Unemployment Insurance

Unemployment Insurance

Unemployment insurance (UI) is an essential part of the American social safety net. UI gives laid-off workers time to find or retrain for a new job while ensuring their purchasing power (this is especially important during economic downturns).  The federal government first established nation wide coverage with the Social Security Act of 1935. Under this system states play a crucial role, jointly financing and administering the program with the federal government. Generally, benefits last a total of 26 weeks. During recessions extensions are typically issued, although conservatives often attempt to block the legislation.

Commentary

Unemployment

Screwing the Jobless: Are Republicans Heartless or Just Playing Hardball Politics?

July 20, 2010

Cry Wolf Quotes

…it still is true that the young people of today in this country look to the people who have succeeded in spite of every handicap such as that, as their inspiration for doing things. I think we do not want to kill off that spirit of individualism. I use the term ‘individualism’; I know it is sneered at a lot, but I know if is still a respectable term and I think we ought to cultivate it instead of sneering at it.

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John C. Gall, Associate Counsel National Association of Manufacturers, Testimony, House Committee on Ways and Means.
03/21/1934 | Full Details | Law(s): Unemployment Insurance

…to impose this burden at this time, when industry is just struggling to get on its feet, is going to still further retard the very recovery which is necessary to create these reserves. That is the basis of our opposition to these provisions.

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P. H. Gadsden, President Chamber of Commerce, Philadelphia, Testimony, House Committee on Ways and Means.
03/21/1934 | Full Details | Law(s): Unemployment Insurance

The proposed pay-roll tax is not only a sales tax, but, in addition, is a production tax, a processing tax, and a distribution tax. It has all the vices and none of the virtues of a sales tax. It is selective as to the classes of business against which it is to be assessed, and hence, is discriminatory. It is cumulative; it applies over and over again on every operation from the production of raw materials to and including the final sale of a product to the ultimate consumer…The pay-roll tax is a hidden tax and each successive purchaser of a commodity pays the tax if it can be passed on under the circumstances of the particular transaction.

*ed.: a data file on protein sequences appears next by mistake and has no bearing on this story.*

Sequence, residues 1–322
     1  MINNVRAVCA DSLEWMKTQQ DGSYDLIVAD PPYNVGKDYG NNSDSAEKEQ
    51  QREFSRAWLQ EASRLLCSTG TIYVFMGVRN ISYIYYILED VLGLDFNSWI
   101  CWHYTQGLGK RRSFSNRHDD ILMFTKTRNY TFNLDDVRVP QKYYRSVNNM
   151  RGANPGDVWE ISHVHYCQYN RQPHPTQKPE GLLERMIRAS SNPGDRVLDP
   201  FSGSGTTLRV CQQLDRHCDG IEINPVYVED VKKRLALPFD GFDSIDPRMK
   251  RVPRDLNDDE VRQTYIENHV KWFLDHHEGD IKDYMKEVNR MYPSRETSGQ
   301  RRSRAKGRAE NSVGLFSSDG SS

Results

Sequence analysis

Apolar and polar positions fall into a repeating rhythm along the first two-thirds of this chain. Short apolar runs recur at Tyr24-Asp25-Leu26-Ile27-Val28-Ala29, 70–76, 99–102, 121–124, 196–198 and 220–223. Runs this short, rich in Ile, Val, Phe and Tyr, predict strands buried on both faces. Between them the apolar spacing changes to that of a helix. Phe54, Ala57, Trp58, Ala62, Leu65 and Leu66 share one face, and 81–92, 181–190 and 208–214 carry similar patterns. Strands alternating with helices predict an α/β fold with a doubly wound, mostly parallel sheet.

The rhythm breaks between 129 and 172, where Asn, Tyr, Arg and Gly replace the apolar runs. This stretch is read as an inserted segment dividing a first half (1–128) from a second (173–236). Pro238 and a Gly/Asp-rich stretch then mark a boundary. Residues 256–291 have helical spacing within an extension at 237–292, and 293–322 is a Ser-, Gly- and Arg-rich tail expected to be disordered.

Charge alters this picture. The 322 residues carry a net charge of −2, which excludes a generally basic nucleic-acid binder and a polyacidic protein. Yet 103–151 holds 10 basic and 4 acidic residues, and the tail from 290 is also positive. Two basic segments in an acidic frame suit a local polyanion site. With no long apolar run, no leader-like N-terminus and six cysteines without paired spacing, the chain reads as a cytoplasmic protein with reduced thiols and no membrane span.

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John C. Gall, Associate Counsel National Association of Manufacturers, Testimony, House Committee on Ways and Means.
03/21/1934 | Full Details | Law(s): Unemployment Insurance

…we cannot consider this bill in a vacuum. Industry today is facing a number of bills here on the Hill, all of which are of the same sort, and we have a right to look at them as a whole; because none of them is going to be destructive of industry in itself, but, taken as a whole, they are going to impose a very serious burden on the industries of the United States, which are now trying to come out of the depression.

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John C. Gall, Associate Counsel National Association of Manufacturers, Testimony, House Committee on Ways and Means.
03/21/1934 | Full Details | Law(s): Unemployment Insurance

Related Laws and Rules

Evidence

Backgrounders & Briefs

Unemployment Policy Brief: Shermer

By Elizabeth Tandy Shermer, PhD, February 2010

Unemployment insurance benefits – including  their length, eligibility, and expense – are again in the spotlight.  The arguments are hardly new.

Resources

Center for Economic and Policy Research (CEPR) is a progressive think tank that concentrates on social and economic policy, both domestic and international.

The National Employment Law Project is an organization that promotes economically just public policy in the face of the prevailing trends of the law several decades.